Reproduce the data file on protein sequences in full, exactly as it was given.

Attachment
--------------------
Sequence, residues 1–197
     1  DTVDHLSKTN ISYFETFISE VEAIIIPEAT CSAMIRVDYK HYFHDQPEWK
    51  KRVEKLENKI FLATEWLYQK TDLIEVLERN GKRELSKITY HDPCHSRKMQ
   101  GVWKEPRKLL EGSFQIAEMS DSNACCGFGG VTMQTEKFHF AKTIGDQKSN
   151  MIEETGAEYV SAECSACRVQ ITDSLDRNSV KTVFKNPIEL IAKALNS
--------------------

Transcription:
Sequence, residues 1–197
     1  DTVDHLSKTN ISYFETFISE VEAIIIPEAT CSAMIRVDYK HYFHDQPEWK
    51  KRVEKLENKI FLATEWLYQK TDLIEVLERN GKRELSKITY HDPCHSRKMQ
   101  GVWKEPRKLL EGSFQIAEMS DSNACCGFGG VTMQTEKFHF AKTIGDQKSN
   151  MIEETGAEYV SAECSACRVQ ITDSLDRNSV KTVFKNPIEL IAKALNS